Nurse: But first let me tell ye, if ye should lead her into a fool's paradise, as they say, it were a very gross kind of behaviour, as they say; for the gentlewoman is young, and, therefore, if you should deal double with her, truly it were an ill thing to be offered to any gentlewoman, and very weak dealing.
Act 2 Scene 4 Lines: 157-163
The literary significance is that it reveals a character. The Nurse is the speaker and she says this quote after she is mocked by Mercutio and finds she finds Romeo. The Nurse is was threatening Romeo not to mess around or be dishonest to Juliet or The Nurse will get Romeo back for it. By threatening Romeo she is protecting Juliet, this shows that The Nurse really does care for Juliet and wants the best for her and wants to make sure she is with a man who cares.
Work Cited: "1968's Romeo and Juliet ". 21 Nov. 2008

Monday, November 17, 2008

Act 1

I heard that Sampson and Gregory got into a fight with the Montague's. Stupid! I don't know why they fight like that. Personally I think it's pointless. You would think that those people would have better things to do than fight. I cannot even remember what the bitter rivalry was all about. Also when I was cleaning up around the house I overheard Capulet and Paris talking. It seems that the noble Paris wants to marry Juliet. My Juliet! I just know he will be good for her. Oh! I do hope things work out for Juliet.

I was talking with Lady Capulet and I remembered my dear Susan. She was my daughter and I wonder if she were here today how she would look. But, with Susan I would not have Juliet.The times spent with Juliet has grown me closer to my dear. I love her as if she was one of my own. Oh, I can remember a hilarious time with Juliet. She was young and still learning. Juliet fell right on her face! I was laughing uncontrollably it was a joyful time.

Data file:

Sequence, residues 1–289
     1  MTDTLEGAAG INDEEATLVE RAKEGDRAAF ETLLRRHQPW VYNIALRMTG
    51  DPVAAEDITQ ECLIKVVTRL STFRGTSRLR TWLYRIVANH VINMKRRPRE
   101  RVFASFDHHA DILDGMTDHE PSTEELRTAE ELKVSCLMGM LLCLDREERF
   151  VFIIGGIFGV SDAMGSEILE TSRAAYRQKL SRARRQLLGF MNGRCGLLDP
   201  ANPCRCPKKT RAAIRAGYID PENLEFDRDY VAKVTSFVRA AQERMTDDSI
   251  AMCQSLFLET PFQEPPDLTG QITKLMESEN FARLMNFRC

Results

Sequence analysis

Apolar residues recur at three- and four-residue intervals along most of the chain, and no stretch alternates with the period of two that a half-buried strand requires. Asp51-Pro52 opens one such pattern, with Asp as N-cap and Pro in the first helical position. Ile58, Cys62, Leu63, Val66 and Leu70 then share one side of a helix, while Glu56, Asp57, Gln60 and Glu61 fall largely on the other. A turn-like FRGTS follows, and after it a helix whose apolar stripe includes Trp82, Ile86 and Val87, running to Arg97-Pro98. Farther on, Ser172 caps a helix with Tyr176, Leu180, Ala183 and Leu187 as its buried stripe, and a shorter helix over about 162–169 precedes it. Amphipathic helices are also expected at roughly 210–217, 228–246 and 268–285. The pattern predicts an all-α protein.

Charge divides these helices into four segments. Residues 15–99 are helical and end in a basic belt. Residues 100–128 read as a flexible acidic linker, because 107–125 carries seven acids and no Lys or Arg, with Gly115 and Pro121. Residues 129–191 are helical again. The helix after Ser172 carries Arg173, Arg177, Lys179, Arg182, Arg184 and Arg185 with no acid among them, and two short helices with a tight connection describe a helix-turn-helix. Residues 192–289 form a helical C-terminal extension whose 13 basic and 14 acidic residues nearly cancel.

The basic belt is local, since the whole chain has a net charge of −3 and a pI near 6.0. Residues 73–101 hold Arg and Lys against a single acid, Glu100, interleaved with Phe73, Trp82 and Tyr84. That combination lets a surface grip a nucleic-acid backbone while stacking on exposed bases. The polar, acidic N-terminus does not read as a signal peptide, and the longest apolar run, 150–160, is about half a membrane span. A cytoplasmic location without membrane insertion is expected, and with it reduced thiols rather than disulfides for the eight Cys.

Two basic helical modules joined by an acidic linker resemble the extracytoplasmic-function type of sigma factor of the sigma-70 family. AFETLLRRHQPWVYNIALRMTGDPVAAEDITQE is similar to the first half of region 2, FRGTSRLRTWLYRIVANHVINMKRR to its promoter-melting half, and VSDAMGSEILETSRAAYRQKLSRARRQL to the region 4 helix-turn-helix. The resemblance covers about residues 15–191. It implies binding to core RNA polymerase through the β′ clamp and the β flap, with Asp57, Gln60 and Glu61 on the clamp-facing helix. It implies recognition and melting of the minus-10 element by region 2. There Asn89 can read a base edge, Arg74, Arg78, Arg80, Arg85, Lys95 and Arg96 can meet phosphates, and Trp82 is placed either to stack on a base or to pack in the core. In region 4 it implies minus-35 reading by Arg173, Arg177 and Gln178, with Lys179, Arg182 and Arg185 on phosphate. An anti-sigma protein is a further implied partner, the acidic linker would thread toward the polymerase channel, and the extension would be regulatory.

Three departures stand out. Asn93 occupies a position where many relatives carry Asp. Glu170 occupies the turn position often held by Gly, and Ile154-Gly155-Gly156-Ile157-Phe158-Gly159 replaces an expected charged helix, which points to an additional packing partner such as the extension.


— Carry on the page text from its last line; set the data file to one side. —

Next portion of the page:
Nurse: What, lamb! What, ladybird!

Page 41 Line 3 Act 1 Scene 3

The line is said at the beginning of act 1 scene 3. It occurs when The Nurse is calling for Juliet to come. The speaker is The Nurse. The Literary significance is to demonstrate a particular literary technique. The technique is a metaphor. When the Nurse says "What, lamb! What, ladybird" she is comparing Juliet to those two things. It is a complement and shows the how The Nurse views Juliet as. The Nurse views her positively and thinks that Juliet is beautiful like a lamb or ladybird.

Work Cited:"1968's Romeo and Juliet." 21 Nov. 2008 .